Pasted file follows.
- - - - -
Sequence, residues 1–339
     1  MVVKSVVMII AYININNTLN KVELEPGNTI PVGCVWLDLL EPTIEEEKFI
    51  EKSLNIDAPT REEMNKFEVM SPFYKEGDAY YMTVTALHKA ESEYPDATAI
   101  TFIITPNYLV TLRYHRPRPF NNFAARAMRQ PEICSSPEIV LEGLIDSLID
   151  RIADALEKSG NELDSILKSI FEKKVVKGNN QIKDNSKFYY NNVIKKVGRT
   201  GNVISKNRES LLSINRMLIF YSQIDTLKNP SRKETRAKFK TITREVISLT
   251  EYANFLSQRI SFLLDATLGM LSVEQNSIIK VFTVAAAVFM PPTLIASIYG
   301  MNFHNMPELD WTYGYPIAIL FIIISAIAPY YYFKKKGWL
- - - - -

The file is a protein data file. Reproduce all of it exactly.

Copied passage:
Sequence, residues 1–339
     1  MVVKSVVMII AYININNTLN KVELEPGNTI PVGCVWLDLL EPTIEEEKFI
    51  EKSLNIDAPT REEMNKFEVM SPFYKEGDAY YMTVTALHKA ESEYPDATAI
   101  TFIITPNYLV TLRYHRPRPF NNFAARAMRQ PEICSSPEIV LEGLIDSLID
   151  RIADALEKSG NELDSILKSI FEKKVVKGNN QIKDNSKFYY NNVIKKVGRT
   201  GNVISKNRES LLSINRMLIF YSQIDTLKNP SRKETRAKFK TITREVISLT
   251  EYANFLSQRI SFLLDATLGM LSVEQNSIIK VFTVAAAVFM PPTLIASIYG
   301  MNFHNMPELD WTYGYPIAIL FIIISAIAPY YYFKKKGWL